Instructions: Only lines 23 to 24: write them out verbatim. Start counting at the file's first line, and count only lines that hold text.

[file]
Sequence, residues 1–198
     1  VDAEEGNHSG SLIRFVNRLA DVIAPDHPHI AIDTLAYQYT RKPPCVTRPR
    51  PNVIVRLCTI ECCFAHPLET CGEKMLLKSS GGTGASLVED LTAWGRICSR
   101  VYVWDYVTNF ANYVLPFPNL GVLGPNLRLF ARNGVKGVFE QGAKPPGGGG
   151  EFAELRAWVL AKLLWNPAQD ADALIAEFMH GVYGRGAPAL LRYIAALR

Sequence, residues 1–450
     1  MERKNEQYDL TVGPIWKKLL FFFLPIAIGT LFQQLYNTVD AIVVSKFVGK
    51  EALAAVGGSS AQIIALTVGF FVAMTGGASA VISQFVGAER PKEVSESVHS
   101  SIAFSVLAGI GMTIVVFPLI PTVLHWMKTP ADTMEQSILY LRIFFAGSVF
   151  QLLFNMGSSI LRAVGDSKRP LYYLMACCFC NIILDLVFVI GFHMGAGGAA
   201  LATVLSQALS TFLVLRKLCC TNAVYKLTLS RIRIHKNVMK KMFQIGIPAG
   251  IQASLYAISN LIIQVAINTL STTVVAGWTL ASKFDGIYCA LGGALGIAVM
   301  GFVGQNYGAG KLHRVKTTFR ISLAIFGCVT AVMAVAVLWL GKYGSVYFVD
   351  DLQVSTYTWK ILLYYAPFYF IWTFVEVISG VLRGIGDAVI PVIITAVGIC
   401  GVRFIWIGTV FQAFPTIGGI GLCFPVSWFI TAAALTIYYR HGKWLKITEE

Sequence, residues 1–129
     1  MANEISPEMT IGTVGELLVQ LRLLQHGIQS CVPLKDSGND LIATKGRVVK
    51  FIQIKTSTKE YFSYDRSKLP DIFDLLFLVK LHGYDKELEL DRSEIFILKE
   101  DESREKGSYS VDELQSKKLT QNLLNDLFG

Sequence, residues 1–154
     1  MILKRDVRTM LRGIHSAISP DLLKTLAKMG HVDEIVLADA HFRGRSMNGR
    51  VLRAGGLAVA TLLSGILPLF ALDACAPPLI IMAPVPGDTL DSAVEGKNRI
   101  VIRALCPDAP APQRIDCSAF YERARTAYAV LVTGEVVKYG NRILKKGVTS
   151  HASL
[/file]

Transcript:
   101  VIRALCPDAP APQRIDCSAF YERARTAYAV LVTGEVVKYG NRILKKGVTS
   151  HASL